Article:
With the recent shenanigans, I am sure the 'Great Post' system has been used (abused?) to support the content of the person posting rather than the problem has been resolved. I am guilty of this action.

Regards,

David

Recreational Developer and End User of VFP for my personal use in 'Amateur Radio' and 'British Railways' related Applications.

RE: VERY SIMPLE use of MS WORD Spell checker

Thank you JohnWMac and Mike Lewis. You have encouraged me to include spell checking at various points in an application.
I have gone for Mike’s approach of using Microsoft Word, and the slightly modified code for my cmdSpellcheck.click() is :

CODE -->

LOCAL loWord, loDoc, llWasVisible
 
loWord = CREATEOBJECT("Word.Application")
IF !(TYPE("loword") = "O")
   MESSAGEBOX("Cannot perform the spell check." + CHR(10) + CHR(10) + ;
   "Unable to open Microsoft Word", 48)
   RETURN
   ENDIF 		

* Go ahead and do the spell check 
WITH loWord
   loDoc = .Documents.add        && Open a new doc within Word
	
   * Copy the text to the new doc
   loDoc.Range(0,0).InsertAfter(thisform.frmcust.page2.edtnotes.Value)
   
   * Make it visible
   llWasVisible = .visible		&& save the visible state
   .visible = .T.
   .WindowState = 0			&& normal window
   .Activate
   loDoc.CheckSpelling     && Call the spell checker

   * Copy the text back 
   thisform.frmcust.page2.edtNotes.Value = loDoc.content.text
   loDoc.close(0)          && Close the Word doc (without prompting)

   * Minimise Word (otherwise it might still be on top at this point)
   .WindowState = 2	
	
   IF NOT llWasVisible
		.visible = .F.
   ENDIF 

   MESSAGEBOX("Spellcheck completed", gcShortTitle)
   ENDWITH 


This does indeed invoke the (Office 365) word spell checker, and a task is created with a flashing W showing in the Windows TaskBar. But the original application – particularly if it is running full-screen - is still the only one showing on the screen.

What code should I include to make the Word application - which is telling me interesting thing about the text I am validating - come to the forefront until I send it away and revert to my own application?

RE: VERY SIMPLE use of MS WORD Spell checker

(OP)
AndrewMozley I believe all you need to do is turn on the "visible" property which Mike's code actually does. Again, in my case, where I just want to spellcheck a single word, I want WORD to be as quiet as possible. BTW, and I didn't say this previously, my interest in spellchecking is because I am writing a program to simulate the game WORDLE (https://www.nytimes.com/games/wordle/index.html) which is posted daily in the New York Times. (Yes this is a trivial project and it is just to entertain myself, but it's better than watching TV). The advantage of my program is that you can play all day long given the ability for another person to enter a word after which you take over and try to resolve the puzzle. Obviously, the spellchecker prohibits both the target word and any of your guesses from being non-words.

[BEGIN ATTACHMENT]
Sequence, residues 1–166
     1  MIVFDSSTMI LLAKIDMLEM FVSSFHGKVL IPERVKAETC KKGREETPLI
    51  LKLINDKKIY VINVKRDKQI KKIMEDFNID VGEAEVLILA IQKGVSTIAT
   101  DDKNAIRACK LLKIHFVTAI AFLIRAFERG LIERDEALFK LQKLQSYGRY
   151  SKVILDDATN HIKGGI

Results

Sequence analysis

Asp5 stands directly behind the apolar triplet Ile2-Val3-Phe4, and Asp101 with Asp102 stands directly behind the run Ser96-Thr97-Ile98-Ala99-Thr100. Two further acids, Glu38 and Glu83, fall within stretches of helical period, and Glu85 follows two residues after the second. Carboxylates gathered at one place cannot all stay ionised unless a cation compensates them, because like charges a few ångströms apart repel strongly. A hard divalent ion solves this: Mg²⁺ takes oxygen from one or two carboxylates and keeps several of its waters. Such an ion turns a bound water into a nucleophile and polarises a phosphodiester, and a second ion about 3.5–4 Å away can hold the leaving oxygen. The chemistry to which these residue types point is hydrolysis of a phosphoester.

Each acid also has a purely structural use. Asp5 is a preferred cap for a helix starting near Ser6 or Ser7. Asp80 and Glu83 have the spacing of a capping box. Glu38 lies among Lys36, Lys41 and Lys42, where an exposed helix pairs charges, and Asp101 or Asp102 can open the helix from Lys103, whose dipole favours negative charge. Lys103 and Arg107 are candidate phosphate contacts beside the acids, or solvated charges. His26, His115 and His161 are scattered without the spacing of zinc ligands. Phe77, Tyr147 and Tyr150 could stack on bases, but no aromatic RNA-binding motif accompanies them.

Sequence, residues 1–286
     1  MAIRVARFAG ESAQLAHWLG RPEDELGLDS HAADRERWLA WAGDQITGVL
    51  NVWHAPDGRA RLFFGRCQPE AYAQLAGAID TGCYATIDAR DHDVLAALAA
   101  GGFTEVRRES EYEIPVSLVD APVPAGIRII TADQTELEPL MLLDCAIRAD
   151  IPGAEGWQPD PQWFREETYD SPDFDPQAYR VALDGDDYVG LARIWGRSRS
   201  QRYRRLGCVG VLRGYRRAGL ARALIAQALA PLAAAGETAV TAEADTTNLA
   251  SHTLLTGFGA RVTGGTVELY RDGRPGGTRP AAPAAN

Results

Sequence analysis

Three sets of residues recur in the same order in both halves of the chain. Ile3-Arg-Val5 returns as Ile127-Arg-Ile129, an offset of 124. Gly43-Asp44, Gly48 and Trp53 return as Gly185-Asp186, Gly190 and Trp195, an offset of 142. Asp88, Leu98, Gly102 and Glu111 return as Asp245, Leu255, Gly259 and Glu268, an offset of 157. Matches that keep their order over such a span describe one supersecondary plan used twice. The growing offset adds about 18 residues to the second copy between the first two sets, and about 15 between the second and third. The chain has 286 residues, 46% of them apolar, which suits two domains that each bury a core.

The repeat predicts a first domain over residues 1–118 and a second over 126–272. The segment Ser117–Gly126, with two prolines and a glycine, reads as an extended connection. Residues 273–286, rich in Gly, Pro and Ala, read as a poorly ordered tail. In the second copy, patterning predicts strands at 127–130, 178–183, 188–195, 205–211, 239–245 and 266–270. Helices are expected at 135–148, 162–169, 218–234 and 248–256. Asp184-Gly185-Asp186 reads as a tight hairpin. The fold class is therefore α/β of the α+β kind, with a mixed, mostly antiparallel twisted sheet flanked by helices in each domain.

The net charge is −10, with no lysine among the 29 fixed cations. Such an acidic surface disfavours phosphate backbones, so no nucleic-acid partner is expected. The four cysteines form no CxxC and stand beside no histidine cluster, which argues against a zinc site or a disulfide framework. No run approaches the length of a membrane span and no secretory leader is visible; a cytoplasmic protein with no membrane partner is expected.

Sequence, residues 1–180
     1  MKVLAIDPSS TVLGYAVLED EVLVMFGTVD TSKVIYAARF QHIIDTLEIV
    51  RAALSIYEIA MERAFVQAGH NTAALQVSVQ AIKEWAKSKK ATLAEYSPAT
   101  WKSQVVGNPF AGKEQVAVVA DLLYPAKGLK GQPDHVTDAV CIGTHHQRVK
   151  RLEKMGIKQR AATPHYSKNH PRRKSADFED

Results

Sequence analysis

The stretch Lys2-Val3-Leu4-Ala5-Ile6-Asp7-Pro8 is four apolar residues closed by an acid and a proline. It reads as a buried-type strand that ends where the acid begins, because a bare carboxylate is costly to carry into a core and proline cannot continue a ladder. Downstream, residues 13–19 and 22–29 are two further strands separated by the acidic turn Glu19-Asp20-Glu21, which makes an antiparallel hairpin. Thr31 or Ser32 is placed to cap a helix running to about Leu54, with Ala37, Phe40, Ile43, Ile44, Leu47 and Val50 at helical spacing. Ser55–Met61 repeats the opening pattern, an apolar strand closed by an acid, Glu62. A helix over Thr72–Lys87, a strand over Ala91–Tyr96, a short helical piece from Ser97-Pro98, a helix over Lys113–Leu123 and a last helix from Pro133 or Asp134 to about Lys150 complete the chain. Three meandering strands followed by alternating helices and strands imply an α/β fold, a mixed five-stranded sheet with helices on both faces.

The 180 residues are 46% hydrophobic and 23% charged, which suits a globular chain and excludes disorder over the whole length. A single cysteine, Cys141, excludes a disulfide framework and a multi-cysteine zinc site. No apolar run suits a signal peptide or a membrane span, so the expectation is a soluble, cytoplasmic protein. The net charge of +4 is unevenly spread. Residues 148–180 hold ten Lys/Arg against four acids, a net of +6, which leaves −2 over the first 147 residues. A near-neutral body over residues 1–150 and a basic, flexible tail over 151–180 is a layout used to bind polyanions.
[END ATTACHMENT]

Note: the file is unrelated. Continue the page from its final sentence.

RE: VERY SIMPLE use of MS WORD Spell checker

Andrew,

I'm pleased that you found my code useful. I see that you have modified it to make it more self-contained, which is good.

My version uses a separate method to open Word. This goes beyond a simple CREATEOBJECT(), in that it: (i) it only needs to launch Word once (within a given form); and (ii) if Word is already instantiated, it uses the existing object reference. However, none of this is essential; I'm not suggesting you should change your version.

I should also have mentioned that my version relies on the presence of a custom property, oWord, to store the object reference.

If anyone is interested, here is my code for instantiating Word:

CODE -->

* Try to instantiate Word. If successful, return .T. 

LOCAL loWord, llError, llJunk

IF NOT ISNULL(thisform.oWord)
	* Word has been instantiated ...
	TRY
		llJunk = thisform.oWord.Visible
	CATCH
		* ... but an attempt to access its PEMs has failed;
		* this indicates that the user closed Word interactively
		* since it was last instantiated; the solution is to
		* clear out the object reference so that we can instantiate
		* it again.
		thisform.oWord = NULL
	ENDTRY
ENDIF 
	
IF ISNULL(thisform.oWord)
	* Word not yet instantiated (in this form). So first try to get
	* a reference to an existing Word session
	
	TRY
		llError = .f.
		loWord = GETOBJECT(,"word.application")
	CATCH
		llError = .t.
	ENDTRY
	
	IF llError
		* That didn't work, so try for a reference to an existing Word session
		TRY
			llError = .f.
			loWord = CREATEOBJECT("word.application")
		CATCH
			llError = .t.
		ENDTRY
		
		IF llError
			* That didn't work either, so jump out
			RETURN .F.
		ENDIF 
		
	ENDIF